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Data Ethical Businesses to Define Privacy

There is a rising movement within business development that is responding to the privacy needs and demands of individuals. These new businesses are innovating from the point of view of the individual. A strangely enough new definition of privacy, but only strange because it is actually a new thing to take into account the “privacy needs” of the individual when privacy is defined in the corporate world and society in general. And its even done in a very business like manner. The privacy demands of the individual are by these businesses prioritized just like any other customer demand that a business normally would cater to when it explores the market, innovate and develop. We are for example seeing new business models that are not based on the monetization of personal data. New tech developed to minimize data collection, not maximize it. Ethical businesses that go beyond the mere compliance with the law. Innovation driven by privacy by design principles.

A Universal Understanding of Privacy

Joe Cannataci is in his latest report urging to create a Universal Definition of Privacy: “A priority issue such as up-dating legal instruments through an expanded understanding of what is meant by the right to privacy would seem to be an essential starting point. There appears to be a consensus amongst several stakeholders that one of these legal instruments could take the form of an additional protocol to Art. 17 of the ICCPR26 wherein the SRP is being urged “to promote the opening of negotiations on this additional protocol during his first mandate” “(p.19) As part of his mandate as Privacy Rapporteur he is therefore now launching public debates in different world regions that aim to build a better understanding of what privacy is.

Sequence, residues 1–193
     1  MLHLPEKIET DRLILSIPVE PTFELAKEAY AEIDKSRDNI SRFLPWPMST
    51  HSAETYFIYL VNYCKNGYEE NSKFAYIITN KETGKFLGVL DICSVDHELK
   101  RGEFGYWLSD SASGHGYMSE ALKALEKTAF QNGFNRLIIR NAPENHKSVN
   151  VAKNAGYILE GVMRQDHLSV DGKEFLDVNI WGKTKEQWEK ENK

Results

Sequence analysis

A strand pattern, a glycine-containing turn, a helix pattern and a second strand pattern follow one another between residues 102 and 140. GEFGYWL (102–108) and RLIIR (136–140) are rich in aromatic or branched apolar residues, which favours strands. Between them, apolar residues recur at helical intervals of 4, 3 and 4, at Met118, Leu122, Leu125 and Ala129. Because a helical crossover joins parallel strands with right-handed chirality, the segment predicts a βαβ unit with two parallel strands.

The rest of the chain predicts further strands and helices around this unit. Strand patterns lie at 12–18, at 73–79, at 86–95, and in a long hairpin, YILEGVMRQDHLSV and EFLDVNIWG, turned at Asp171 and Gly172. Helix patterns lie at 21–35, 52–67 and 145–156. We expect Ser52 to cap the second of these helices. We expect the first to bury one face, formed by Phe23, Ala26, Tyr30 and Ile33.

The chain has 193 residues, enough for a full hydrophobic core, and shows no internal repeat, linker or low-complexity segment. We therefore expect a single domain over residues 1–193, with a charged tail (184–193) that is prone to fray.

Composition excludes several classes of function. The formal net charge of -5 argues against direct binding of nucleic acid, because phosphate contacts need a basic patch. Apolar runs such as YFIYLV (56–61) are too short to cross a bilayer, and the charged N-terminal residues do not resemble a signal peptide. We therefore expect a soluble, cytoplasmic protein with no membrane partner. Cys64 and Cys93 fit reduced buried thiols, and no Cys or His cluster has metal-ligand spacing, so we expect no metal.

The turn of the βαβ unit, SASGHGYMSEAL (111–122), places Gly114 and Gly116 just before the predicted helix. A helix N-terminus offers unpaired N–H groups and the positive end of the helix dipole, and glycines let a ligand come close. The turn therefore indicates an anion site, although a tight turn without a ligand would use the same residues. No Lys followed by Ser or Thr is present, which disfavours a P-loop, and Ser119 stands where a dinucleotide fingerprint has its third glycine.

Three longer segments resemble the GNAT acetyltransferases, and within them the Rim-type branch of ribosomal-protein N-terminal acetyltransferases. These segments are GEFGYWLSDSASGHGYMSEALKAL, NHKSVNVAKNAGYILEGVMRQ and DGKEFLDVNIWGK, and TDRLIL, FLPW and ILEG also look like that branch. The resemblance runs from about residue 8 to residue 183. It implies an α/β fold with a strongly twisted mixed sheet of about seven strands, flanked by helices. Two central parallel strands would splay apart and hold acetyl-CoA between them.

Cannataci sets of the debate by describing the right to privacy as an “enabling right”, interlinked with human dignity and the ability to develop one’s personality freely and unhindered. That sounds very much like a definition of privacy from the individual’s point of view. At last we hear this definition…. and at last we see an actual move towards a definition based on the interests of the individual (whose privacy and life this actually concerns). (and let’s please be quick, because just around the corner awaits the complex privacy implications of new intelligent, autonomous systems)